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Published: Wednesday March 19, 2014 MYT 10:20:02 AM
Updated: Wednesday March 19, 2014 MYT 10:21:22 AM

Venezuelan Congress seeks probe of opposition leader over protests

Opposition deputy Maria Corina Machado speaks during a rally against Nicolas Maduro's government in Caracas March 3, 2014 file photo. REUTERS/Carlos Garcia Rawlins

Opposition deputy Maria Corina Machado speaks during a rally against Nicolas Maduro's government in Caracas March 3, 2014 file photo. REUTERS/Carlos Garcia Rawlins

CARACAS (Reuters) - Venezuela's Congress on Tuesday requested a criminal investigation of opposition deputy Maria Corina Machado for crimes including treason in relation to her involvement in anti-government protests that have left dozens dead.

Machado, a 46-year-old engineer, has been one of the most visible leaders in six weeks of opposition demonstrations against socialist President Nicolas Maduro that have unleashed the country's worst unrest in a decade.

Ruling Socialist Party legislators, who hold a majority of the seats, voted to ask the state prosecutor to investigate Machado for offenses that range from damaging buildings to inciting civil war.

"We will not permit impunity. We will ensure revenge for those deaths. We will ensure these deaths will be paid for," said legislator Tania Diaz of the ruling Socialist Party. "Anyone who violates the right to life is violating the constitution."

The move comes a month after the arrest of opposition leader Leopoldo Lopez, who along with Machado launched a national movement at the start of the year under the banner "The Exit" that is meant to help end 15 years of socialist rule.

Tuesday's theatrical session included a slick video of Machado's anti-government activism of the last decade that highlighted her links to the United States, the Venezuelan government's ideological adversary.

Machado sat stone-faced as legislators rattled off accusations, with some legislators chanting "Justice, justice."

"I'm convinced that this attack against me is the product of a regime that's terrified by an unprecedented citizens' movement," Machado said in a defiant press conference on Tuesday night, vowing the opposition would keep up protests.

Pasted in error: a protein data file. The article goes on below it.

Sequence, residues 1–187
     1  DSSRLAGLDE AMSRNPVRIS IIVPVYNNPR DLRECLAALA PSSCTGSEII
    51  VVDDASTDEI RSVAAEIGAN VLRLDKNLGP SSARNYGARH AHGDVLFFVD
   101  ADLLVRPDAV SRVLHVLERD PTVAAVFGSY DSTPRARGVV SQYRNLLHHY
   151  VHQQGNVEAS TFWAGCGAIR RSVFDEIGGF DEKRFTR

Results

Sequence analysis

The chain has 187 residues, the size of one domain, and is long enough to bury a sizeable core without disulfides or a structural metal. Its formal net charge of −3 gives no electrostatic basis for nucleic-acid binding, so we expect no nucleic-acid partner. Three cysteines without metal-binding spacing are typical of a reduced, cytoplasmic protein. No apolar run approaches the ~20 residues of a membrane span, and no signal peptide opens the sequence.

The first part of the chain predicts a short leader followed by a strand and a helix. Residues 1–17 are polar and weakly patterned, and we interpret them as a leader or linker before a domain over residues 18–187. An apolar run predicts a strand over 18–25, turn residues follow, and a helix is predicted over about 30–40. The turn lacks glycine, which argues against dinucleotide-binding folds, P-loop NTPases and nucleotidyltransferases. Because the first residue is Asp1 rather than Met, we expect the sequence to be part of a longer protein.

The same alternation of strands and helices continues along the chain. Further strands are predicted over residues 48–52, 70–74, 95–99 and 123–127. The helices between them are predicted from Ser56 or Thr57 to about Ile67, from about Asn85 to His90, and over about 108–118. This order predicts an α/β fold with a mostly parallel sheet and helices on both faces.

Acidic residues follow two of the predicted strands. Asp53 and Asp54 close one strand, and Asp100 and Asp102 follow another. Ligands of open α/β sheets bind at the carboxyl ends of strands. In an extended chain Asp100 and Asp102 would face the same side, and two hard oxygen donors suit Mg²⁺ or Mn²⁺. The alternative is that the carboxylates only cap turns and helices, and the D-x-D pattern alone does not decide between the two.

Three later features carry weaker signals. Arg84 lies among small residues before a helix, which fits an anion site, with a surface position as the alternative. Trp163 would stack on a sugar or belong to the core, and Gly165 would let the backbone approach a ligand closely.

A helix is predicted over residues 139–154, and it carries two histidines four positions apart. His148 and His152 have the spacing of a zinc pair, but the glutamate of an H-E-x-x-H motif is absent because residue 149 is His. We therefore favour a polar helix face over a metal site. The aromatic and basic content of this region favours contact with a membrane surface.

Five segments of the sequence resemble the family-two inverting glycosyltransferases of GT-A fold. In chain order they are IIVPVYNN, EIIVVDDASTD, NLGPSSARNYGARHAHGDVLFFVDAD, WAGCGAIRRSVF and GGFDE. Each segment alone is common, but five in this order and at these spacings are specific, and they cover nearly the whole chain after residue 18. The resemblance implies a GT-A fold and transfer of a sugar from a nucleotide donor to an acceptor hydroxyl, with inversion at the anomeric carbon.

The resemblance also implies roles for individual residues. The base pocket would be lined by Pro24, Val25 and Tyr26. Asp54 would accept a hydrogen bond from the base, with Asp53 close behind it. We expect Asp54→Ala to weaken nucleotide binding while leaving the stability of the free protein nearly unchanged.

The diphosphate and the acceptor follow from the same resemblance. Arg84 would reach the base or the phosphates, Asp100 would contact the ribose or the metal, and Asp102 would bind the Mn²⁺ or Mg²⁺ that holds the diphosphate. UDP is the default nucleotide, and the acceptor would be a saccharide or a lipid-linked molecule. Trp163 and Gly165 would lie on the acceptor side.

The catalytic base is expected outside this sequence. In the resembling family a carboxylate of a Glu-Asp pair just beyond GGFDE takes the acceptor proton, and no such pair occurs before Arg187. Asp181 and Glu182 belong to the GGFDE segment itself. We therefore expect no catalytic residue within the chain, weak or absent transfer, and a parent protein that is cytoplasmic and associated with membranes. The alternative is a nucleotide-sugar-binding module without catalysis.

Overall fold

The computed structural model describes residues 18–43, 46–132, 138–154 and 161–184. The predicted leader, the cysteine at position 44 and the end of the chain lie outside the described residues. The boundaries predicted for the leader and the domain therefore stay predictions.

"They are determined to break us, and we are determined to win our freedom," she said, calling Maduro a dictator.

OPPOSITION HARDLINER

She cannot be tried without approval from both the state prosecutor and the Supreme Court, and another assembly vote as to whether she should be stripped of her parliamentary immunity, according to a constitutional lawyer consulted by Reuters.

Decisions by the courts and the state prosecutors' office have frequently been in line with the Socialist Party, meaning the process could take place quickly.

Machado helped turned sporadic student demonstrations in the western Andes region that began in January into a nationwide protest movement that has included both peaceful marches and violent melees between hooded youths and anti-riot troops.

She has urged demonstrators to stay in the streets to protest inflation of 57 percent, chronic product shortages and one of the world's highest rates of violent crime.

Machado, elected to Congress in 2010, is frequently pilloried by Chavez supporters as an out-of-touch elitist whose wealthy background makes her incapable of relating to the poor.

Despite her high profile during the protests, many Maduro opponents criticize her as shrill and overly confrontational.

She rose to prominence in 2003 through an organization that helped the opposition gather signatures for what would ultimately be a failed recall referendum in 2004 against the late socialist leader Hugo Chavez.

That group received financing from the United States, in what Chavez call Washington's meddling in the country's affairs.

In one well-known exchange with Chavez in Congress, Machado called on him to halt state takeovers of private businesses, coining the phrase "to expropriate is to steal."

Chavez refused to enter into a debate, dismissing her by saying "an eagle doesn't hunt a fly."

Government critics point out that she signed a 2002 decree that dissolved state institutions during the de facto government that ruled for less than two days during Chavez's ouster.

She won less than 5 percent of the vote in the 2012 opposition primaries to choose a candidate who would face down Chavez in that year's election. Chavez died of cancer a year ago.

(Editing by Jan Paschal and Eric walsh)

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